The most offending parts of the Constitution in terms of usurping the powers of the people are the following:
Article 242 “A District Assembly shall consist of the following members:
(a) One person from each local government electoral area within the district elected by universal adult suffrage;
(b) The member or members of Parliament from the constituencies that fall within the area of authority of the District Assembly as members without the right to vote;
(c) The District Chief Executive of the district; and
(d) Other members not being more than thirty per cent of all the members of the District Assembly, appointed by the President in consultation with the traditional authorities and other interest groups in the district.”
Article 243 which reads,
“243 (1) There shall be a District Chief Executive for every district who shall be appointed by the President with the prior approval of not less than two-thirds majority of members of the Assembly present and voting at the meeting.”
Article 243 (3) which says that:
“The office of District Chief Executive shall become vacant if:
(a) A vote of no confidence, supported by the votes of not less than two-thirds of all the members of the District Assembly is passed against him; or
(b) He is removed from office by the President; or
(c) He resigns or dies. “
In addition, Article 248 (1) reads: “A candidate seeking election to a District Assembly or any lower local government unit shall present himself to the electorate as an individual, and shall not use any symbol associated with any political party.” And then, Article (2) reads: “A political party shall not endorse, sponsor offer a platform to or in any way campaign for or against a candidate seeking election to a District Assembly or any lower local government unit.”
In our District Assemblies we know which members were supported by a political party to get elected. We know which people were sponsored by the present Mills Administration. We must review all of these provisions embedded in our Constitution, understand the realities on the ground and empower the people to freely associate with those they agree with and to vote for those who want to rule them. In other words, the sections of the 1992 Constitution that I have quoted above all need to be amended to ensure that political parties are able to participate in local government elections and that all District/Municipal/Metropolitan Chief Executives and all Assembly Members are elected directly by the people.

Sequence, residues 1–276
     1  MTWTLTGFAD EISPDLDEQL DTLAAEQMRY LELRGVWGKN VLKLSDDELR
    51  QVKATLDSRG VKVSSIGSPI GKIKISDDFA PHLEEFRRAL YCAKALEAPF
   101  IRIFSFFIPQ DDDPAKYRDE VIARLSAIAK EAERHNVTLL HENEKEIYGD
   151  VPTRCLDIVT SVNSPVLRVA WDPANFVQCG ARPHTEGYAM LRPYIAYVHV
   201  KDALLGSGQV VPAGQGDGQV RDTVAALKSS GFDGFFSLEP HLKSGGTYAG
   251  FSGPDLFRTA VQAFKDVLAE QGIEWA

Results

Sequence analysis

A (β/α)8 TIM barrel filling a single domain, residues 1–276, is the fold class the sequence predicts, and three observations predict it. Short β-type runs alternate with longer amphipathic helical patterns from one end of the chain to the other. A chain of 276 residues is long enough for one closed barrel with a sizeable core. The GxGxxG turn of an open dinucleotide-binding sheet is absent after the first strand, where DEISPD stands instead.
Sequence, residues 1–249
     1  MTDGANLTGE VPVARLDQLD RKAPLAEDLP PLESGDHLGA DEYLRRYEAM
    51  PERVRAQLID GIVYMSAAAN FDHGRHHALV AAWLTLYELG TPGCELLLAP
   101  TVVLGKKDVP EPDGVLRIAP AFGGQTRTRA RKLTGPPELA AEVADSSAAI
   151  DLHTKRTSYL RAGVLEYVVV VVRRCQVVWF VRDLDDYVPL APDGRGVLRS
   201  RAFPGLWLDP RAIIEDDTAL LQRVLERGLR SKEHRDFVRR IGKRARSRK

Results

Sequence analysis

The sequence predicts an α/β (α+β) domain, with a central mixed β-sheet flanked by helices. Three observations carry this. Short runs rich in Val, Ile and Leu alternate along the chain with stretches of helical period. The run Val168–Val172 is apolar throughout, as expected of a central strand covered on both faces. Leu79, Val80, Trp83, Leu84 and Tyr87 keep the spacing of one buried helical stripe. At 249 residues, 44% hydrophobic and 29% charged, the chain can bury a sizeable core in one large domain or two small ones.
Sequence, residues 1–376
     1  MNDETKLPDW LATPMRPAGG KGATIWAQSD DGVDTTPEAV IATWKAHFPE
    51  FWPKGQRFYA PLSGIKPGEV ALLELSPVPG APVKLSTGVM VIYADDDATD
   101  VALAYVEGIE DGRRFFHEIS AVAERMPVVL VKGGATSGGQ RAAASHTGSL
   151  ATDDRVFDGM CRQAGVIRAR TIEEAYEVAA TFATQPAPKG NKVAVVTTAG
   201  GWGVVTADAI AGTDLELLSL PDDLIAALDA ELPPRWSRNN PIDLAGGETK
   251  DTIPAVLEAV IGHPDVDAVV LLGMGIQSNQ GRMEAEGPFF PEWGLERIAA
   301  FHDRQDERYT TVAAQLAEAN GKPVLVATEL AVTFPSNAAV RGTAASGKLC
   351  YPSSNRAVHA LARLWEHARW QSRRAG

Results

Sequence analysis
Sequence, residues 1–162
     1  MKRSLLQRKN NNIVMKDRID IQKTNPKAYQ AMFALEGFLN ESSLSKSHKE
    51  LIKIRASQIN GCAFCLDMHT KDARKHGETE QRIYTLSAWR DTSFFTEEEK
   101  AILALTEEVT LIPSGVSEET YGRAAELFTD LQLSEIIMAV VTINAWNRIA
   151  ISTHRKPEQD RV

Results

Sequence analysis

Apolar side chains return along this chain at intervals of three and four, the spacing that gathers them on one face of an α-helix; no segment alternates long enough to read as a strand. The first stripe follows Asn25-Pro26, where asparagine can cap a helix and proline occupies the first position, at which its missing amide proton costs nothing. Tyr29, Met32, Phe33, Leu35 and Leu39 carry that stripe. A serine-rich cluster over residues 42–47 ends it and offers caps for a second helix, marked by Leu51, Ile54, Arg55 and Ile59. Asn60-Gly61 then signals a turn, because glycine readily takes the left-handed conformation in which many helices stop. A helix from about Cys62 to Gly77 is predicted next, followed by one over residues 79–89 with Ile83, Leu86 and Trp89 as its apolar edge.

Example – Running for Public Office in Ghana: I got involved in politics for the same reasons as many others throughout the world. Public service is an honourable way to potentially affect in a positive way many more people than one can in the private sector. Politics has been said to be “… the art of the possible”. I want through politics to bring hope to the many in Ghana whose lives otherwise would be stuck in poverty, disease and despair.
The challenges associated with running for national office in Ghana are many:
-The Electorate: A very big challenge to our multi-party democracy that I faced was and still remains an electorate, mostly poor, living in communities deprived of the basics – water, electricity, schools, housing, safe roads, good health facilities and faced with high unemployment and who were willing to vote for the one they believe will give them what they want now.